Earthlings have a natural inclination to gaze at the heavenly bodies. Many even dream of reaching for the stars. Mae C. Jemison is actually planning to get humans to other solar systems within the next century.
Her goal is not an idle fancy. She has already been to space and back. Now, her passion is to unite humanity to focus on traveling beyond our solar system.
On Sept. 12, 1992, Mae Jemison became the first African-American woman in space. As a mission specialist on the Space Shuttle Endeavour, she logged a total of 190 hours, 30 minutes, and 23 seconds in space.
Jemison, who is also a physician, has worked as a Peace Corps volunteer and a professor. She is the founder, president and CEO of BioSentient Corp., a medical technology company, and founder of the nonprofit Dorothy Jemison Foundation for Excellence. It was through the foundation that Jemison made the winning bid for the DARPA 100 Year Starship project to further the goal of interstellar travel.
Jemison attended Stanford University on scholarship at the age of 16. She earned a bachelor of science degree in chemical engineering and a bachelor of arts in African and African-American studies. She earned a doctorate in medicine from Cornell University in 1981.
Following her career as an astronaut, Jemison left NASA in March 1993 to teach at Dartmouth College. She also founded the Jemison Group, which encourages a love of science in students and aims to spread advanced technology around the world.
Like other astronauts, Jemison found space travel to be a profoundly life-altering experience. Seeing planet Earth from space changed her in ways she had not expected.
What stuck with her was the notion that beyond geopolitical borders, we all are related as Earthlings. We all share the same sky. Human survival may depend on more people embracing that realization.
“We need to help people change their perspectives. It is not just about space. It is about how space exploration can help to make us better on this planet and as humans,” Jemison told TechNewsWorld.
Reaching for the Stars
In the years since Jemison left NASA, she has remained heavily involved in promoting spaceflight and space-related activities. She teamed up with Search for Extraterrestrial Intelligence (SETI) scientist Jill Tarter and Star Trek: The Next Generation actor LeVar Burton to create a new campaign called “Look Up.”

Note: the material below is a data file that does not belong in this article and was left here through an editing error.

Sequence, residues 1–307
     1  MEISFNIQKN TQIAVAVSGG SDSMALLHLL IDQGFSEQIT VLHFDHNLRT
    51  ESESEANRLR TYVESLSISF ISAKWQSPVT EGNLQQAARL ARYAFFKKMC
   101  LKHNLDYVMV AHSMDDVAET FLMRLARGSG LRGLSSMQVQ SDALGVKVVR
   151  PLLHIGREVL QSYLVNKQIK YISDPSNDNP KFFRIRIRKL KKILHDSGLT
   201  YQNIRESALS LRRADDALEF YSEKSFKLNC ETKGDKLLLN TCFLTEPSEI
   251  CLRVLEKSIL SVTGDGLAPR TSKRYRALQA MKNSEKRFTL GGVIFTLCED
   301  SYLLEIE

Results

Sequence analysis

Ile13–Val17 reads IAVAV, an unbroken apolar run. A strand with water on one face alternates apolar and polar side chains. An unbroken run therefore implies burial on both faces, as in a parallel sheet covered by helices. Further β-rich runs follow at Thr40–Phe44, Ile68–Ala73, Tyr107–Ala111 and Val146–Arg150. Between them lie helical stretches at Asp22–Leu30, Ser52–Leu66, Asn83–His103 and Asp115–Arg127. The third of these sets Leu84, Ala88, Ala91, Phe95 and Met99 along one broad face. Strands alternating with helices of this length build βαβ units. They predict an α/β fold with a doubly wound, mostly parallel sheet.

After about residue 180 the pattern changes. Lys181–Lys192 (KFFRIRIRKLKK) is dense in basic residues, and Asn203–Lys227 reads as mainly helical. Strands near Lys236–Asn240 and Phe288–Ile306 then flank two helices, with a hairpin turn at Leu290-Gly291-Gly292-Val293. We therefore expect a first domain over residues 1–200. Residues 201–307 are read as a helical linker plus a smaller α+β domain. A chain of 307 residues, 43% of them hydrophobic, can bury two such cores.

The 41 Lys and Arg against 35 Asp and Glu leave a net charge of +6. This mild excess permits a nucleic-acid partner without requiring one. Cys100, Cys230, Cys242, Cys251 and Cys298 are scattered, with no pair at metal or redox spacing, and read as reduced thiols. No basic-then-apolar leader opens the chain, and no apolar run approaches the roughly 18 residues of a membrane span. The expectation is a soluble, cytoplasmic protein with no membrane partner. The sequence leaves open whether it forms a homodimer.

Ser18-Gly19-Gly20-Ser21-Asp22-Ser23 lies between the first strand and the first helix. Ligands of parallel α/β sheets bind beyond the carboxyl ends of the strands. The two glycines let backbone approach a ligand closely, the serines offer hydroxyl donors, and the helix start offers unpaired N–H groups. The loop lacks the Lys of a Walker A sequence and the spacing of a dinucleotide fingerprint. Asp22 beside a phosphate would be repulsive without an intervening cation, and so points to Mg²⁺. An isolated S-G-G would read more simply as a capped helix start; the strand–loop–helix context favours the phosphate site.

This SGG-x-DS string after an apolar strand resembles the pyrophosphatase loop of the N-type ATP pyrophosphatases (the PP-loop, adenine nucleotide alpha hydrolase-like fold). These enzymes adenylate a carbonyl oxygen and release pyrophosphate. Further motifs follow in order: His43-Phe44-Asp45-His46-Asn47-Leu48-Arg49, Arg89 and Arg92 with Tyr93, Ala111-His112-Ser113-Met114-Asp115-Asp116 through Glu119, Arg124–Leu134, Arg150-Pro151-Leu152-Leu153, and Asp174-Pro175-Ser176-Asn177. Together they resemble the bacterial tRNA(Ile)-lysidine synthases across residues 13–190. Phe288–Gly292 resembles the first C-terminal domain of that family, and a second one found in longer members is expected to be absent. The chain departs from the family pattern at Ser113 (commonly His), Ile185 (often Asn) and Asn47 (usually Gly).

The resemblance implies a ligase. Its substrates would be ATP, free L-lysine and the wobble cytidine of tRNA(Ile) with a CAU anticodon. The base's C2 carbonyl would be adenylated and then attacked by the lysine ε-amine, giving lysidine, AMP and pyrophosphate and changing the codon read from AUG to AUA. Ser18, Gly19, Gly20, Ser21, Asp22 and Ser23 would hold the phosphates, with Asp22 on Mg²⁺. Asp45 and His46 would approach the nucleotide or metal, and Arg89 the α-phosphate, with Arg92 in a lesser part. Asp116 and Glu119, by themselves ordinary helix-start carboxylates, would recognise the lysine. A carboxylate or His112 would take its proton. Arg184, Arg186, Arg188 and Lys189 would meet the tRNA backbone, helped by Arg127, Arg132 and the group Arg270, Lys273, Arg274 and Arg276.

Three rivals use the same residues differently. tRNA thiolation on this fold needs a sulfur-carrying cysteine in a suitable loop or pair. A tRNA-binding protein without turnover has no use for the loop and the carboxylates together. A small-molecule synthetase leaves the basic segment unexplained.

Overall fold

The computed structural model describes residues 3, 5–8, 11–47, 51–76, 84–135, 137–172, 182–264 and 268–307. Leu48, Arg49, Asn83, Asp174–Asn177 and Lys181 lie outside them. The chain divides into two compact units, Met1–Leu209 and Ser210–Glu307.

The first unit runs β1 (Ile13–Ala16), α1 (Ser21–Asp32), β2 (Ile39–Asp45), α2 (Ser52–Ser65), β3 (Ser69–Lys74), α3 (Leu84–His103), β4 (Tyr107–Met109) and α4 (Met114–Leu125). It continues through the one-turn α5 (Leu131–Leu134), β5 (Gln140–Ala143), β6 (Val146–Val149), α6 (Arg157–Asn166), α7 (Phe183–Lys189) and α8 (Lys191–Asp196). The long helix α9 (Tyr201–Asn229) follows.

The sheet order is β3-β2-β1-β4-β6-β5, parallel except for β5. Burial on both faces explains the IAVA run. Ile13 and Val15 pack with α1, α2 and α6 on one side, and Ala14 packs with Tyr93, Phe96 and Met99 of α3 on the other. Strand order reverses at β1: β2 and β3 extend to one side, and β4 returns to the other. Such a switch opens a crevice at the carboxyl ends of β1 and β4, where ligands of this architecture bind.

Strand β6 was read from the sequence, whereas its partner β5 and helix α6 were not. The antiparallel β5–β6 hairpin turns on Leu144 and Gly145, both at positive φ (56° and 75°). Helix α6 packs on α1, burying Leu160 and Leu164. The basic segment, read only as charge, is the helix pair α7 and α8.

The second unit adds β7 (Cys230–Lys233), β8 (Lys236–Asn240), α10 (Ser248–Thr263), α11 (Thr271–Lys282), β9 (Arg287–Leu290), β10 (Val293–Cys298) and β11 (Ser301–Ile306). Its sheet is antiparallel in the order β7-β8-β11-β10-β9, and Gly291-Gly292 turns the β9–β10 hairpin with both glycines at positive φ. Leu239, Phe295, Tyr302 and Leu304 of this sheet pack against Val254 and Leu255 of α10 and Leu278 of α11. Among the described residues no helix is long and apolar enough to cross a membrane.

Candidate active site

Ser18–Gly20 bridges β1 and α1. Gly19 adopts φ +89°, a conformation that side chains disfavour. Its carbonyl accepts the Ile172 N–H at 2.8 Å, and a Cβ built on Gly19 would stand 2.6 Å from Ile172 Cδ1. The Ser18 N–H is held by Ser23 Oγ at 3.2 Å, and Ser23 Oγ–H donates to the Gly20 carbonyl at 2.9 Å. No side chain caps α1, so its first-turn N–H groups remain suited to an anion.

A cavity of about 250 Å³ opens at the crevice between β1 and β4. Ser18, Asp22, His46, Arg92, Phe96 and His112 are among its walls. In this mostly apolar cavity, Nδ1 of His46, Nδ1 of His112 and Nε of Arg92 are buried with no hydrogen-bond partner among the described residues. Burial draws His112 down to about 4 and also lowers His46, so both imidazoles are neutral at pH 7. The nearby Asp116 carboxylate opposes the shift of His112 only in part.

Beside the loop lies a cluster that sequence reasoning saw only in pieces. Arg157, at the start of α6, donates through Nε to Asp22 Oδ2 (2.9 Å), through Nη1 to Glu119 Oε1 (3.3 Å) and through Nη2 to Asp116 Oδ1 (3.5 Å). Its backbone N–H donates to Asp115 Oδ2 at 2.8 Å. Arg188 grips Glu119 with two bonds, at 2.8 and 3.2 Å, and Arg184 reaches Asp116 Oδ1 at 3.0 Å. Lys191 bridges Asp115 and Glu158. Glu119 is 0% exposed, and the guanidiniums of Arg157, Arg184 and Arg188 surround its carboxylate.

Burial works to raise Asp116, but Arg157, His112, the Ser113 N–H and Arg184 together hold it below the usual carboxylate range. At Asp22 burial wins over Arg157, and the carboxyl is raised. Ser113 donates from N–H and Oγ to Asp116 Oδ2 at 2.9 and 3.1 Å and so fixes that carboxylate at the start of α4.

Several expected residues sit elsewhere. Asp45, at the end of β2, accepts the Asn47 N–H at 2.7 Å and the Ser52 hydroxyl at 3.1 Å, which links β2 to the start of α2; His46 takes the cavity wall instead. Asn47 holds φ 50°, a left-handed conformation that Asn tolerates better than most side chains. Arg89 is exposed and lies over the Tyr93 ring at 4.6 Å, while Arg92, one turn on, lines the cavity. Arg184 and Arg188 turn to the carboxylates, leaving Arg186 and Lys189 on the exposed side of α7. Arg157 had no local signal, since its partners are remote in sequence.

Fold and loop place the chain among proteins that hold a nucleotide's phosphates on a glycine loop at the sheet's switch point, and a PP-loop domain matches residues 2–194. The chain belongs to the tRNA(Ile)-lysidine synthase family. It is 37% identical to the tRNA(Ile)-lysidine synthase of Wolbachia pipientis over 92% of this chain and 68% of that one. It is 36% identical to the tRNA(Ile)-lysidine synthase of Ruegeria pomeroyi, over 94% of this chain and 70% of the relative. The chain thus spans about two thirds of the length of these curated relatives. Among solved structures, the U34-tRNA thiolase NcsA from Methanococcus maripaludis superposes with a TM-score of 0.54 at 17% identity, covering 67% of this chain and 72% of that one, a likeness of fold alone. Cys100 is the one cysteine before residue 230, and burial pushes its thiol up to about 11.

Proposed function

Look Up is a movement that encourages people to connect with the sky above us. Participants collaborate on weaving a global tapestry of Skyfies — sky selfies. The Skyfie app, available on Apple’s App Store and on Google Play, gives users an opportunity to capture their sky-looking images and personal feelings when they see the sky from a different perspective.
With this week’s fanfare surrounding the 50 Year Anniversary of the Apollo Lunar Landing, Look Up expanded to focus on “Look Up Apollo 11.” Skyfie app users’ images, audio and video, and text about the sky are displayed on the Sky Tapestry Globe.
People responded so positively to previous Look Up events that the world globe display had become heavily populated with contributions. Those displays were removed earlier this week to make room for Apollo 11 postings, Jemison said.
Many users’ image uploads are accompanied by reflections on their feelings, thoughts, and hopes as they look up at the sky we all share. Participating by uploading from the app is not a mere public digital journal entry. It is a way to experience connectivity with other humans under the same shared sky.
Not All Star Gazing
The 100 Year Star Ship page on Facebook offers easy instructions: “Open your #Skyfie app, head to the photo-on-photo feature, and snap a pic to show the world where you are in this moment.”
The Facebook page and periodic Look Up events are but two strategies for helping people to connect, react, and think about the potential in the stars. Many channels of communication and a wide variety of events are needed to bring people together to interact, Jemison explained.
“It doesn’t always have to be events related to celestial stars. We have to get people to adapt to different platforms,” she said.
So far, reactions on social media have been very positive. Now, the organization is trying to find more ways to get people to relate.
Pushing for the 100 Year Starship Journey